Written by Chris Floyd
Sunday, 29 July 2007
An important development has been taking place in the real “war” on terror — not the profit-making, fear-and-domination machine of the Bush Administration’s devising, but the genuine struggle to quell the violence of Islamist extremism. Yet despite the great potential of this breakthrough, an overwhelming majority of Americans have never heard of it. Certainly it has not been featured — or even mentioned — by the corporate press and government PR engines in the United States. And why not? Because it is a breakthrough toward peace — and peace, as we all know, is not boffo box office.
Last week, the Guardian’s Ian Black reported on “a remarkable recantation” by one of the founding figures of the modern jihadist movement, Sayid Imam al-Sharif. A former comrade-in-arms of Ayman al-Zawahiri — al Qaeda’s own Dick Cheney, the “deputy” who actually runs the gang — Sharif was the mastermind behind the Islamists’ first great “spectacular”: the 1981 assassination of Egyptian President Anwar Sadat. Now Sharif, imprisoned in Egypt, is finishing a new book “that undermines the Muslim theological basis for violent jihad” and is already creating fissures throughout the Islamist movement, the Guardian reports.
Sharif is now repudiating the very jihadist methods that his group, Islamic Jihad, helped pioneer, instead citing the Quranic precept, “Fight in the cause of God those who fight you, but do not transgress the limits; for God loveth not transgressors.” In a letter from prison indicating his new line, Sharif declared: “We are prohibited from committing aggression, even if the enemies of Islam do that,” reports Asharq Alawsat, the London-based Arabic daily. “Armed operations [are] wrong, counterproductive, and must cease.”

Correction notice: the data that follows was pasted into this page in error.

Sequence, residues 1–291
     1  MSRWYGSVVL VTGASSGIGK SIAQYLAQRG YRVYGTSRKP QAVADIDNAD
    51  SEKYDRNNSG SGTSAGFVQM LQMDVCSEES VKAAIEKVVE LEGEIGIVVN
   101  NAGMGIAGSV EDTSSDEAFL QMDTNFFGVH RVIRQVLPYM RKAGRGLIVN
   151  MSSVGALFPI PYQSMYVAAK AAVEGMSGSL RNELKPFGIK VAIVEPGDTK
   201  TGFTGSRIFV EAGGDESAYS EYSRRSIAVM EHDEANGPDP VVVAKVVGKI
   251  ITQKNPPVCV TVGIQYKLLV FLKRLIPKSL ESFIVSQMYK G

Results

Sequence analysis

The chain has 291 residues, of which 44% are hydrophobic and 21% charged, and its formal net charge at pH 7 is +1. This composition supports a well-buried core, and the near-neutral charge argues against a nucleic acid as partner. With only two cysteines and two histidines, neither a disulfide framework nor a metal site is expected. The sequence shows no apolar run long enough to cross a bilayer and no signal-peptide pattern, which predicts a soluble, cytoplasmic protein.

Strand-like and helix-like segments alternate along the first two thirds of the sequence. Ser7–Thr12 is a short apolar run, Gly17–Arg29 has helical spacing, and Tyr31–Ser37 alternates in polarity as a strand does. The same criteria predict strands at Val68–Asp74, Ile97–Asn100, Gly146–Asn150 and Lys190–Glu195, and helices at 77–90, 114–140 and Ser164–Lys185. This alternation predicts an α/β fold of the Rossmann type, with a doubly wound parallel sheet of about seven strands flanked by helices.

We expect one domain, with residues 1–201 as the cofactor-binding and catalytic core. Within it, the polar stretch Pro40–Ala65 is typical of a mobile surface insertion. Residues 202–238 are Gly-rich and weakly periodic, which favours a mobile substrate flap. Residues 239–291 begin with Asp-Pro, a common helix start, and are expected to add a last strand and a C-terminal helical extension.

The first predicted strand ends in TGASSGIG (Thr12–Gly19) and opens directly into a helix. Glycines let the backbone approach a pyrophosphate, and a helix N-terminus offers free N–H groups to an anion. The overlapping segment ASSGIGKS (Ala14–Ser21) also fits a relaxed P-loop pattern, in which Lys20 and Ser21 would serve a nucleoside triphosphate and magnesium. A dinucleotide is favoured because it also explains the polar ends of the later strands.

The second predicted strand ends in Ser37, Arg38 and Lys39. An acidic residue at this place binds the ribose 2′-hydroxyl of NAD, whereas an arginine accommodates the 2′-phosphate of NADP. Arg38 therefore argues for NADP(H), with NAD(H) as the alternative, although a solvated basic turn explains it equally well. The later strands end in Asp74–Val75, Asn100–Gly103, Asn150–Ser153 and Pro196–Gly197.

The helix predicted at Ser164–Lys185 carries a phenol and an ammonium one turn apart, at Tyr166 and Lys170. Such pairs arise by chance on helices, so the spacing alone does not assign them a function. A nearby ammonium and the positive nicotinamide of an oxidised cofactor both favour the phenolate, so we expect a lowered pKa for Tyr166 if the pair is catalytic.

Sharif’s earlier work, “Basic Principles in Making Preparations for Jihad,” is considered “the jihadist movements’ constitution and all researchers use it as a reference. It lays down the rules of jurisprudence for combat operations for all jihadist groups. Al-Qaeda regards the book as its guide for combat,” says Asharq Alawsa. And while hundreds of jihadis have embraced his new principles, Sharif’s old colleagues in al Qaeda have been stung into a response, the Guardian reports.
Zawahiri has tried to pre-empt Sharif’s book, releasing a video debunking Sharif’s “conversion” as the product of Egypt’s notorious torture cells (where Zawahiri himself was tortured.) The CIA has also had a crack at Sharif since his capture in Yemen in 2004. But as the Guardian reports:
“…Egyptian and western experts, government officials and former jihadis agree that Sharif’s shift is both genuine and highly significant.
“People will say things to stop being tortured, but this is the result of a long process of reflection and debate,” insists Muntasir al-Zayyat, a lawyer jailed for Islamic Jihad membership in the 1980s. “When the book comes out there will be a furious reaction from Zawahiri and the global jihadi movement. It is clear that Sayid Imam will call a halt to killing operations in Egypt and abroad.”
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